Court Rules Against CA Gun Advertisement Law

( – California lawmakers thought they’d found a clever new way to sneak in gun control by the back door — instead of stopping people from owning guns, they’d stop manufacturers from advertising them. Unfortunately for them, a federal court just shot down their new law. It turns out you can’t attack Second Amendment rights by violating First Amendment ones.

In early July, ultra-liberal California Governor Gavin Newsom (D) signed a new law that bans gun ads allegedly aimed at children. Although children can’t actually buy guns, Newsom claimed the law was necessary because the Supreme Court was rolling back “important gun safety precautions.” However, the law immediately faced legal challenges.

On July 7, Junior Sports Magazines Inc., the California Rifle & Pistol Association, the Second Amendment Foundation, and other groups filed a lawsuit against California Attorney General Bob Bonta. The suit alleged that the state was violating an array of rights including free speech, commercial speech, and free association, and claimed the ad ban was unconstitutional.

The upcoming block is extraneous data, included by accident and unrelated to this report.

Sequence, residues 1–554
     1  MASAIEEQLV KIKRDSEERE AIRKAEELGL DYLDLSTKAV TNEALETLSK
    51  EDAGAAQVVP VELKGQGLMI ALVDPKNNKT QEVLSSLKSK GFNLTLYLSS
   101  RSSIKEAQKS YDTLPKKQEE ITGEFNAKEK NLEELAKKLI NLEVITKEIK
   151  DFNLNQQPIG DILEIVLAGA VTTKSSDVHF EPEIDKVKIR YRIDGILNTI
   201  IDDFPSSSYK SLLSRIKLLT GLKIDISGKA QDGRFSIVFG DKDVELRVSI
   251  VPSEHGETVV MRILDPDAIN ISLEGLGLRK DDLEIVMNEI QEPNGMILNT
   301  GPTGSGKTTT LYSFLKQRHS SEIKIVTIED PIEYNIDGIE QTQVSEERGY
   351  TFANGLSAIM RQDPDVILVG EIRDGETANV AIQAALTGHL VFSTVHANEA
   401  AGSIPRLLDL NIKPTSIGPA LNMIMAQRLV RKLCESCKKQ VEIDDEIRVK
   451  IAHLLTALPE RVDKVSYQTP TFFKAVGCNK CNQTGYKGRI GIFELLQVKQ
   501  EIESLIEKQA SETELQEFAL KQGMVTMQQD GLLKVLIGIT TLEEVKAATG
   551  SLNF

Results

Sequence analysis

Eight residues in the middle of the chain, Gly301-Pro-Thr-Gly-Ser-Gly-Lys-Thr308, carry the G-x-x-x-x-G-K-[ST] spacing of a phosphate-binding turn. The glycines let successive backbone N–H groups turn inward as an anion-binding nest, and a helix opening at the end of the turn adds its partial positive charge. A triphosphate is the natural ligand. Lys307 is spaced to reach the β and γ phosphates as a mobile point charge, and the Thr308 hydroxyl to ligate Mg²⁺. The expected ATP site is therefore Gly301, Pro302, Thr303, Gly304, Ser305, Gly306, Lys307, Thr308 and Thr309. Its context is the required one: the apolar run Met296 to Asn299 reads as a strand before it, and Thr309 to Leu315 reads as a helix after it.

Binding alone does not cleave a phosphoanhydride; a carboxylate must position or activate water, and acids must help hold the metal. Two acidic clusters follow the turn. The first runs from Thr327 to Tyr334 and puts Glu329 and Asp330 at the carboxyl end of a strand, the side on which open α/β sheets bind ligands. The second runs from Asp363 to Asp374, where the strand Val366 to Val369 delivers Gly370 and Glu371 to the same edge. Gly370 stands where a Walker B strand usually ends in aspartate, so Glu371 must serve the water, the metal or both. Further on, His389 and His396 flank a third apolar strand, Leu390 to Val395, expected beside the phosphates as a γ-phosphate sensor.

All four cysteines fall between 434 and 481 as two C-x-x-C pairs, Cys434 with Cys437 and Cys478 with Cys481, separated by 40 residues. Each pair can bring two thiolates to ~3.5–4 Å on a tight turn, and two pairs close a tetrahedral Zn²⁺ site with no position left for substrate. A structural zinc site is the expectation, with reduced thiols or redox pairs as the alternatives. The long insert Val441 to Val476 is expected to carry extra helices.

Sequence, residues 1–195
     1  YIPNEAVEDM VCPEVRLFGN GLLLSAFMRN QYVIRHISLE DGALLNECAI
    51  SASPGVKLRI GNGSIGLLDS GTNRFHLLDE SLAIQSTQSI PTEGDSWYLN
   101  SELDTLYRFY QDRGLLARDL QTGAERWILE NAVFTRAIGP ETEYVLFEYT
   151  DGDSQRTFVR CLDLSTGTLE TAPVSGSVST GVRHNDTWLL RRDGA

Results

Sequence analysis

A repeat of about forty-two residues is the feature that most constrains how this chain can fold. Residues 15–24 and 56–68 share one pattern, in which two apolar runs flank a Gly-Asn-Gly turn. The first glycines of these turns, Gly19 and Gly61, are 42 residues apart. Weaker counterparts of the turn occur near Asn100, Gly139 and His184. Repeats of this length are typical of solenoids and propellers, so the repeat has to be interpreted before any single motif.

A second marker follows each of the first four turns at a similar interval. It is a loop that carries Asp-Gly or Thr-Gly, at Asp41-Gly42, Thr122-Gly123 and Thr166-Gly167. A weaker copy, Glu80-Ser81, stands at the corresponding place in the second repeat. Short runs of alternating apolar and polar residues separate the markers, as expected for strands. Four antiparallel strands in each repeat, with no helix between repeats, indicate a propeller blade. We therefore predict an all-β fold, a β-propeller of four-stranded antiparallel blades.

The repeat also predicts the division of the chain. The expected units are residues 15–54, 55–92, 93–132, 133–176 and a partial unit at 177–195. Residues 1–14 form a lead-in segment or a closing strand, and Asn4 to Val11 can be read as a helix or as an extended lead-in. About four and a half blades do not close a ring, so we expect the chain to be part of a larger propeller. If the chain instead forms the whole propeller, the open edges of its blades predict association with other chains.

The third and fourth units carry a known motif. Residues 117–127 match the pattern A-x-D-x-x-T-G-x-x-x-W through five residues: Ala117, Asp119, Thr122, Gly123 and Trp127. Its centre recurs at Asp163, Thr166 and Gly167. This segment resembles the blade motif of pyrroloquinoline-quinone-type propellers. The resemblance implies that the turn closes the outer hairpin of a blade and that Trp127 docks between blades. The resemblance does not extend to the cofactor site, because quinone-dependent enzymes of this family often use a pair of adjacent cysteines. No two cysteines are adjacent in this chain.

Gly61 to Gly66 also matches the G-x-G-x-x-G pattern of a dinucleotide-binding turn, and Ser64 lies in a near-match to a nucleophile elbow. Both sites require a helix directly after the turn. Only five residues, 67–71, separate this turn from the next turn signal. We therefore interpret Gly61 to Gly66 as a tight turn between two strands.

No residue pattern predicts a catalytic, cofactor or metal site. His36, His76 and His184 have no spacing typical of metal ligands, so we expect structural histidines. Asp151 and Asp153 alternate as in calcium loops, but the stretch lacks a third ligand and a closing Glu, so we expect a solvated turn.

On September 13, the Ninth US Circuit Court of Appeals agreed with them. A panel of three judges unanimously agreed that the law is probably unconstitutional, Judge Kenneth K Lee wrote that while the ban has a worthwhile aim, “the First Amendment demands more than good intentions and wishful thinking to warrant the government’s muzzling of speech.” 

He explained that California law allows minors to use guns legally under adult supervision, and therefore the state can’t restrict free speech by banning ads about a legal activity unless it can show the ban would “significantly further the state’s interest” in reducing gun violence perpetrated by minors. He added that there’s no evidence a minor has ever unlawfully bought a gun in California — and if there isn’t actually a problem to solve, Newsom isn’t allowed to impose a constitutionally doubtful solution. 

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